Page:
In a world as fast-paced as ours, I wonder if anybody spends time in the old-fashioned entertainment that we grew up with. I’m talking about board games.
When my son was little we played them a lot, but as he grew older he turned to more electronic entertainment. Sadly, the board games were put away into the closet. Occasionally we might take them out, but for the most part they sat there and collect dust.
There’s some great board games out there that are specific to wordplay. If you’re having a party, they can add much hilarity and eye-opening antics, will be sure to make your party a success. A couple that come to mind are Cards Against Humanity, What, and The Storymatic.
As a writer I created a whole new reason to have those word games on the shelf in my office, not in the closet. It’s called ideas.
You’ve heard the term writers block? Maybe you’re not at the stage of suffering from writer’s block, but instead you need fresh ideas. My suggestion is to try one or more of these games. I’ve done this several times and had things turn around in my story, going down avenues I never would’ve dreamed possible.
Grab one of those board games and start using it for your writing; take those cards, shuffle, pull one out randomly and sees what it says
Here are a few examples: (from Storymatic) “A person answering a personal ad” paired with “discovery of a new species” Wow are there possibilities there! (from What) “A co-worker has gone on vacation. His wife calls the office and asks how his business trip is going.”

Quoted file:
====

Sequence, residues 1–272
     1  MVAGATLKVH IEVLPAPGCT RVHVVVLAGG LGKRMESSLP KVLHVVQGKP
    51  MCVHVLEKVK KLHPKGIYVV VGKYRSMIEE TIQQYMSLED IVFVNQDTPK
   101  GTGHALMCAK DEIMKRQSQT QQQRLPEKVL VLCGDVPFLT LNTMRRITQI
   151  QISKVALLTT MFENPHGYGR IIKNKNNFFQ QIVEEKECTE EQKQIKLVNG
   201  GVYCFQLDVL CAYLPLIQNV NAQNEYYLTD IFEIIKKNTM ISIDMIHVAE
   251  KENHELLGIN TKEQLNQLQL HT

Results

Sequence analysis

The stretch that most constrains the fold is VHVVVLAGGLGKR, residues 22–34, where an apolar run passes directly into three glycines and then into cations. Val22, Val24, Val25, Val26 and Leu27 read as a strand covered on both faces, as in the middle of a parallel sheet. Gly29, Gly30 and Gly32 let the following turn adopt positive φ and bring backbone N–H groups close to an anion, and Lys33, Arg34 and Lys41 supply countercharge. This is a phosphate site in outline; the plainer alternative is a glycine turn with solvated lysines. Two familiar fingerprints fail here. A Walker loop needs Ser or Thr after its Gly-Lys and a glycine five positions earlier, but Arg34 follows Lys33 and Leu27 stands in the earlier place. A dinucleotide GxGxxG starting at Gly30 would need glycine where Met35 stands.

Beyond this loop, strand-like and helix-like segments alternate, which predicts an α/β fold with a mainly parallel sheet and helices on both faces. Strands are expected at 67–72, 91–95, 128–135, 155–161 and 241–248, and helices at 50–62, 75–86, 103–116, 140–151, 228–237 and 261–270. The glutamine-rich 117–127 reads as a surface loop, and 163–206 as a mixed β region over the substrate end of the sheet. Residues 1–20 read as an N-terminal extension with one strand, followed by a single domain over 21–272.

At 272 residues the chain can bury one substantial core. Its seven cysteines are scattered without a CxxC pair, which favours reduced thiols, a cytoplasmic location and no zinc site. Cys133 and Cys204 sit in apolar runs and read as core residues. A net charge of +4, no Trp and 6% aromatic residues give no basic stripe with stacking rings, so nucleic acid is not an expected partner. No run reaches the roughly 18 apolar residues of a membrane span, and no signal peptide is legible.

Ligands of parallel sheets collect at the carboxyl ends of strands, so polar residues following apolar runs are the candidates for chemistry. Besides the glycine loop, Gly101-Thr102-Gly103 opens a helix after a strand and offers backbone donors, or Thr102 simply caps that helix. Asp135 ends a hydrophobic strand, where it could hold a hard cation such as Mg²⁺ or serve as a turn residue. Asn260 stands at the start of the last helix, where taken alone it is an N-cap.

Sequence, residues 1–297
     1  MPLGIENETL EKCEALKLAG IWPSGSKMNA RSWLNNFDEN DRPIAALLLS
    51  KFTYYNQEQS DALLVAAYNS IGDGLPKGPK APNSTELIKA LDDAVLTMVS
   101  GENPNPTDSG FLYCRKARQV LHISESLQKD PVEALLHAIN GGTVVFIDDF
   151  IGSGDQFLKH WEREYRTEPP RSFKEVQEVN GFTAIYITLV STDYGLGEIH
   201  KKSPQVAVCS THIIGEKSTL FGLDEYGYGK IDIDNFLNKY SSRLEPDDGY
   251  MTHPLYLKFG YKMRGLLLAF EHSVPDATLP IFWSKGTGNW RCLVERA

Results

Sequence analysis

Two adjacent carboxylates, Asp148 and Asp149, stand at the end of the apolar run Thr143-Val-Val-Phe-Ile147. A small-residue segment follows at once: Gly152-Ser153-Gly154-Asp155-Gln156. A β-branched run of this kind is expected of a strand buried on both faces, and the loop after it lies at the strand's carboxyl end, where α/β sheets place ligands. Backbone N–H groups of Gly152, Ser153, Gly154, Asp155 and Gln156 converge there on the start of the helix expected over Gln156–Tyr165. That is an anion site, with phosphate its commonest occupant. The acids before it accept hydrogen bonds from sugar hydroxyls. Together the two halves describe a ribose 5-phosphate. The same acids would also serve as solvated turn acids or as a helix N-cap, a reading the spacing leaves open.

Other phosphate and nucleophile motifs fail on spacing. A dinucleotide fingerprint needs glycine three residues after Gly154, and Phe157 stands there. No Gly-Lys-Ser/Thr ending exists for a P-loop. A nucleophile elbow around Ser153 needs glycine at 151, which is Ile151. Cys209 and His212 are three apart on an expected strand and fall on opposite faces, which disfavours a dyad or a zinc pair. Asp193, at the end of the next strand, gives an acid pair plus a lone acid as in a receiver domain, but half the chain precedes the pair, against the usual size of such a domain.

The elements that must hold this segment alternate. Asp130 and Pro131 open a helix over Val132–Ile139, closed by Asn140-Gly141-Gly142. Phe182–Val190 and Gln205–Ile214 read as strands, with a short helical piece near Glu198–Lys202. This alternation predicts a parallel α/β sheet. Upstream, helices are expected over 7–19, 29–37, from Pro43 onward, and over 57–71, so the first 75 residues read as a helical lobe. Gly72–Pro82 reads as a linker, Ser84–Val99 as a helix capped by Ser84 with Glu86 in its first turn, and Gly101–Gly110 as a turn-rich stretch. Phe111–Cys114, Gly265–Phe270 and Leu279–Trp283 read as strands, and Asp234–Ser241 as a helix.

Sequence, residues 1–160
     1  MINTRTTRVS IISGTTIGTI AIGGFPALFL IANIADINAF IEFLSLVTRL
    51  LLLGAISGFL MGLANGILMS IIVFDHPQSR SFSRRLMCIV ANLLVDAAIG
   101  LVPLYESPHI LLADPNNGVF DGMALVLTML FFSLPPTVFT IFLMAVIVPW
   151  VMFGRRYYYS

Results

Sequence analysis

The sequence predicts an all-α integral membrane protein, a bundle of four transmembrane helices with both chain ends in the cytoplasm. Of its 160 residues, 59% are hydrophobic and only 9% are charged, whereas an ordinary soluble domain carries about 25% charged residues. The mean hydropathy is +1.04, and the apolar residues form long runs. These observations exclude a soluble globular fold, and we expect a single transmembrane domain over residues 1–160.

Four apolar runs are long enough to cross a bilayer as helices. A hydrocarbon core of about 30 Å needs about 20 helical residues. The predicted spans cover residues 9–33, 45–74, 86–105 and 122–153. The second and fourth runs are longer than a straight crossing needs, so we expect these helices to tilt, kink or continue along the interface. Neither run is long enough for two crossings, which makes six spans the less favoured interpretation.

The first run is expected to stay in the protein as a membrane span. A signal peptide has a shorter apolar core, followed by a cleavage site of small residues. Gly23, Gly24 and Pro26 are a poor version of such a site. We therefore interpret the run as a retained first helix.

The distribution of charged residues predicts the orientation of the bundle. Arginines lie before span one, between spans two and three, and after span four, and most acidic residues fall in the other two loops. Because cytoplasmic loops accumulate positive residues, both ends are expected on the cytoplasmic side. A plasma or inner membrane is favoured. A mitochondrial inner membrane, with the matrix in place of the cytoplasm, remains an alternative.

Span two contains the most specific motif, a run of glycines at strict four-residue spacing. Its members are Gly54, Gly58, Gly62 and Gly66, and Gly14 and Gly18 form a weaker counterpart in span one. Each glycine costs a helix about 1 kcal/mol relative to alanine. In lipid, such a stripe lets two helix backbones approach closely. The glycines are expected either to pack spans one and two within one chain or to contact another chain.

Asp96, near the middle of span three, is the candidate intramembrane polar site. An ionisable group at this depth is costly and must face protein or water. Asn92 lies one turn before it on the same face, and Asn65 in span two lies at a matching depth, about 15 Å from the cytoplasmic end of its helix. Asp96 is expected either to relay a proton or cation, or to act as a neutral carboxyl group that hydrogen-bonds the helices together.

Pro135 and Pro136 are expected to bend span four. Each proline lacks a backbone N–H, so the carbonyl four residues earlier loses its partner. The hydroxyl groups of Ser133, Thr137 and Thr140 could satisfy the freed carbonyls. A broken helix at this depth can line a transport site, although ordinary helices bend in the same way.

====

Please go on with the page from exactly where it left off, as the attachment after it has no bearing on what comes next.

There are other programs and books that will give you writing prompts that work well, too. I find this is a fun way to do to get ideas and dialog. Let’s face it, many of us have board games sitting in the closet, collecting dust. Why not give them the new purpose? Use them not only for entertainment, but also to stimulate the brain– get those ideas flowing. Anything help to get your words on the paper is often welcome.
I have a bookshelf full of “how-to” books on writing, blogging and publishing, but stacked on top shelf where I can easily reach them are my word games. No longer is dust collecting on them. Instead they are getting used. Even if it’s to stimulate my mind or give me a good laugh. Often when your character does or says something totally unexpected, it not only moves the story forward, but will renew the interest of your reader.
So, multipurpose those games and cards and start thinking differently. Don’t limit yourself to only adult games. There are times when you can get some of the sweetest, most innocent ideas from a child’s game which will give a whole new tone to your work in progress.
Let’s play and add some fun to our writing!